It may go without saying, but communication is a prevalent and critical component of today’s workforce. The skillset is especially essential for professionals seeking to excel in a leadership role. Regardless of industry, professional communications is imperative for leading effective meetings, mitigating crises, and navigating negotiations and conflict resolution.
“Communications is a critical part of doing business, especially in today’s environment. News travels fast. A bad customer experience can become a social media sensation before the CEO is even informed of the problem,” said Mary Caraccioli, Chief Communications Officer for The Central Park Conservancy. “On the flip side, you can use the power of social media to engage directly (and more deeply) with customers, employees and other stakeholders. You can use the power of the communications revolution to your advantage by making communications part of your business strategy.”
Caraccioli is teaching a master’s-level course in Communication for Effective Leadership, a fully online, 10-week class that will help students build on their critical thinking skills and apply oral and written communication strategies to solve organizational problems and drive organizational change. Throughout the course, students will focus on topics such as negotiation and facilitation, crisis communications and public relations, virtual and global communications, and stakeholder management.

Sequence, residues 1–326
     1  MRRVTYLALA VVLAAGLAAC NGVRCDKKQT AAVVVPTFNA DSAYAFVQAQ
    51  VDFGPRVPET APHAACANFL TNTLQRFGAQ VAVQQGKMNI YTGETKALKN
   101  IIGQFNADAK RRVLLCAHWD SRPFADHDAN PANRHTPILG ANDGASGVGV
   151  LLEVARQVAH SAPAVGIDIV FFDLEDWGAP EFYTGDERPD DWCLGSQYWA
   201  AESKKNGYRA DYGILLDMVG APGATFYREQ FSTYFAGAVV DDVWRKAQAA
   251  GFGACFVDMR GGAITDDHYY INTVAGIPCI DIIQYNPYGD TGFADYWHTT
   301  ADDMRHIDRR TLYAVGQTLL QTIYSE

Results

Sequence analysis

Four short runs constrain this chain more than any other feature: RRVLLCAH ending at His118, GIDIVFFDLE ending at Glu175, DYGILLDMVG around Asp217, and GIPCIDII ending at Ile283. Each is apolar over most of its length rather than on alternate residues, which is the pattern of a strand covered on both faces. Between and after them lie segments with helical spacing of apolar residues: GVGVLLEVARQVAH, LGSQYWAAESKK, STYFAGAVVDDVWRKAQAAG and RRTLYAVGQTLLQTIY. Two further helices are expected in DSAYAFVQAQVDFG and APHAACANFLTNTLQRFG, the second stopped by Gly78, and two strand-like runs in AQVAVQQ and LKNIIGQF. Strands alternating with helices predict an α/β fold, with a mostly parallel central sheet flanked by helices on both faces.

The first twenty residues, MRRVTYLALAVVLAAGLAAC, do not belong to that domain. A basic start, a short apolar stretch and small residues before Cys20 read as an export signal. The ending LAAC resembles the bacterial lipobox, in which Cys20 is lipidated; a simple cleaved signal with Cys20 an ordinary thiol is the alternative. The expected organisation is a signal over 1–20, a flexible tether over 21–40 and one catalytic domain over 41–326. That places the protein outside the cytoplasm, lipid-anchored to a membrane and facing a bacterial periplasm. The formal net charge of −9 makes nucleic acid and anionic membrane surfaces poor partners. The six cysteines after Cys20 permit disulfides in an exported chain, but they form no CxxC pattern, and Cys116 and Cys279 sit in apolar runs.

By the end of Communication for Effective Leadership, students should be able to:
- Develop, execute and measure communication plans to manage stakeholders, solve organizational problems and drive organizational change.
- Adapt communication strategies and use digital technologies to align with organizational, cultural, virtual, and global needs.
- Build a portfolio of communication campaigns including crisis response, company positioning, and media statements.
This course is available for professional development or as part of several GPS graduate programs. To learn more, submit your information or contact the GPS office for more information or to request a syllabus: 781-736-8787 or firstname.lastname@example.org.